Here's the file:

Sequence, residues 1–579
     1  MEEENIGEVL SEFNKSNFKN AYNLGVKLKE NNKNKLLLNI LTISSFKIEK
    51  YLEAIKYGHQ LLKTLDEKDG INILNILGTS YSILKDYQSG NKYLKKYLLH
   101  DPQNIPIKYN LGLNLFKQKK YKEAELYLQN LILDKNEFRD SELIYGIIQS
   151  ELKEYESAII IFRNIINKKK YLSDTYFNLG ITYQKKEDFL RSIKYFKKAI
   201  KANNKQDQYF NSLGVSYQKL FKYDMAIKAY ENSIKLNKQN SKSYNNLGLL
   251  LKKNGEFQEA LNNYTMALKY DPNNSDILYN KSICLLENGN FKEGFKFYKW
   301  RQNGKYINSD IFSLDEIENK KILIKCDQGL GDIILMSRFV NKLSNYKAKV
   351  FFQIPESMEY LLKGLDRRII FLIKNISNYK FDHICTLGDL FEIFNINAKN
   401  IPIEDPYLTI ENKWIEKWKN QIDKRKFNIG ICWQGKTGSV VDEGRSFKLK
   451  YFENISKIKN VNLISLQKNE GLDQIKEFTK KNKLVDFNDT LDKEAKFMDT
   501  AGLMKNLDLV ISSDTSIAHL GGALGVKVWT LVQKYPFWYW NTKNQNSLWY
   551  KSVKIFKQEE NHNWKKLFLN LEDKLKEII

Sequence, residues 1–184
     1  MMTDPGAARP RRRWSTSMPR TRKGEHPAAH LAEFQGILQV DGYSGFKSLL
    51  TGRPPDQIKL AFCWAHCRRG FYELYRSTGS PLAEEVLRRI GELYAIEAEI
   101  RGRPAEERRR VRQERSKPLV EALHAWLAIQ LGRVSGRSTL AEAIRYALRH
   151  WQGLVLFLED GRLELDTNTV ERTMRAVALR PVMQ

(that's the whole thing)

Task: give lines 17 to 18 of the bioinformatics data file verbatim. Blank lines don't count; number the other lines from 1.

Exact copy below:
   101  RGRPAEERRR VRQERSKPLV EALHAWLAIQ LGRVSGRSTL AEAIRYALRH
   151  WQGLVLFLED GRLELDTNTV ERTMRAVALR PVMQ